ZB profit up, optimistic about post-sanctions future


ZB Financial Holdings has reported a 22 percent increase in after-tax profit, to $11.4 million in the full year to December from $9.4 million last year, largely driven by fee income.

The group’s net revenue increased by 12 percent  from $57.9 million in 2015 to $65.1 million in 2016. 

Presenting company results, chief executive Ron Mutangadayi said net interest and related income had remained flat at $16 million.

Operating expenses increased by 7 percent to $49.5 million from $46.3 million last year, though the cost to income ratio improved at 76 percent compared to 80 percent in 2015.

The bank maintained a guarded approach towards lending leaving loans and advances flat at $99 million while deposits increased by 2 percent from $269.7million  in 2015 to $275.3 million in 2016.

Non-performing loans (NPLs) at 23 percent are way above a market average of 7.9 percent.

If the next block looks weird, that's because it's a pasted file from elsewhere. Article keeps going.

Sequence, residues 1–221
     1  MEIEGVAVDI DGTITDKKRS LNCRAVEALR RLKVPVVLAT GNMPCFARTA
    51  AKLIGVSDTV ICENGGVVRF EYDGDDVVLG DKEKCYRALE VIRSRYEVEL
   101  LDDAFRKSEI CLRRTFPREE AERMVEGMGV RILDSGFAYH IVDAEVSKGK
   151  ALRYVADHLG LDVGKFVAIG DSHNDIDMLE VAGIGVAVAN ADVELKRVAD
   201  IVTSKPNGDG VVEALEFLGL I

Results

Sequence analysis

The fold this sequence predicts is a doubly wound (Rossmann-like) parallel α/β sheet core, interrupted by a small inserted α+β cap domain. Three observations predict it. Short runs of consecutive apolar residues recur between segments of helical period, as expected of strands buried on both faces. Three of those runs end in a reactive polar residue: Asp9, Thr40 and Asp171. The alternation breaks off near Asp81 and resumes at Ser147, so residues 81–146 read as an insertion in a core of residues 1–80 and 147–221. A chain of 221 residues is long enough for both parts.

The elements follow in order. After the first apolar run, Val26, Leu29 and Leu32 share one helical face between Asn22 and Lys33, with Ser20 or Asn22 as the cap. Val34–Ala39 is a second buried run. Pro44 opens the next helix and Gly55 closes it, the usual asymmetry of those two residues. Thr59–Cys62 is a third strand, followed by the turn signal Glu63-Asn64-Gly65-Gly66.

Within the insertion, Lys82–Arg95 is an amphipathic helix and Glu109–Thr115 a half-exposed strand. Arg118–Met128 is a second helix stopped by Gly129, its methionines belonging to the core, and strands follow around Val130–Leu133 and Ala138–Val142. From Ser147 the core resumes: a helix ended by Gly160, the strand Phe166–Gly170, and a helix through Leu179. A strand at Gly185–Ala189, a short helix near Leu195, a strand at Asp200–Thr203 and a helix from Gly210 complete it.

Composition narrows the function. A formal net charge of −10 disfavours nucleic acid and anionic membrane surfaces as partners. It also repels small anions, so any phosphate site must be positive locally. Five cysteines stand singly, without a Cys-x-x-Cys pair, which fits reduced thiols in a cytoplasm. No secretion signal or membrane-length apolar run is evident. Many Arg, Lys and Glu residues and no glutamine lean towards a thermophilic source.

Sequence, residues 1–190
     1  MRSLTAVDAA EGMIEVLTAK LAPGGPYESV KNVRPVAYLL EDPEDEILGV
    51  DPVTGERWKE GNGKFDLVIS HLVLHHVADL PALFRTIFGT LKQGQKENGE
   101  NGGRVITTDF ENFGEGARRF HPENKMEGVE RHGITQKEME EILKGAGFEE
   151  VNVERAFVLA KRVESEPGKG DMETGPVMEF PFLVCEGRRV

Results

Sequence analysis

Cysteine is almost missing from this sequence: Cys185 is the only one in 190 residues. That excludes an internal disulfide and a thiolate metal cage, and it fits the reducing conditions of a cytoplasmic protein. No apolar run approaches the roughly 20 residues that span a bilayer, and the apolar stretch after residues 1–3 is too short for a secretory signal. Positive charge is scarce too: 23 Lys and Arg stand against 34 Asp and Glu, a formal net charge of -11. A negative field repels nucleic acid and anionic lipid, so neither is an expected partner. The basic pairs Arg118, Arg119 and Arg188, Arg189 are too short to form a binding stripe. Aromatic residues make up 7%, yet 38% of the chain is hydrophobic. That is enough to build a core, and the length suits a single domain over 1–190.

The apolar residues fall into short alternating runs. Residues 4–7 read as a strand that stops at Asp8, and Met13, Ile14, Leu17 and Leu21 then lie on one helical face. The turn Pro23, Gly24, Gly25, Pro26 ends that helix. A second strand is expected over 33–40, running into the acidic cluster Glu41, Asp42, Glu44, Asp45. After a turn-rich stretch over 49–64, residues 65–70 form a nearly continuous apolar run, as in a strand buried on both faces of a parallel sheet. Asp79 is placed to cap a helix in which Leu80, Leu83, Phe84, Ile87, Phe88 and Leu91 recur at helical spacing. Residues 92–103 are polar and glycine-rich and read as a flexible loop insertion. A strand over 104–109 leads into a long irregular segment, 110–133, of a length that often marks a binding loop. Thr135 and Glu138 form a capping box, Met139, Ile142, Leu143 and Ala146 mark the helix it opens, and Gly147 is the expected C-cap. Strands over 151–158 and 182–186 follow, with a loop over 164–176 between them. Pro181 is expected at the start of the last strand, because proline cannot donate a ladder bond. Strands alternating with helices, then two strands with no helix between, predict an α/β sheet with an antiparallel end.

Mutangadayi said the institution was looking to access cheaper lines of credit on the international market following its removal from the United States sanctions list last September.

“Having just come out of sanctions, we first had to get our correspondent accounts reestablished. Now that our Euro, US and Rand accounts are operational we can now go out and court investors for new lines of credit we are speaking to regional investors at the moment for a $20 million line of credit which we expect to conclude in the not too distant future.”

Mutangadayi said the group was focusing on mortgage lending, which had recorded a 44 percent increase.

“We are on the hunt for land banks throughout the country. In Kadoma we might just be able to seal a deal, in Plumtree we are almost there. So our thrust is to keep engaging local authorities to ensure that we get land for development,” he said.

ZB increased its holding of Treasury bills to $117.5 million from $99 million last  year as total assets increased from $417.6 million in 2015 to $439.3million in 2016.- The Source


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Charles Rukuni
The Insider is a political and business bulletin about Zimbabwe, edited by Charles Rukuni. Founded in 1990, it was a printed 12-page subscription only newsletter until 2003 when Zimbabwe's hyper-inflation made it impossible to continue printing.


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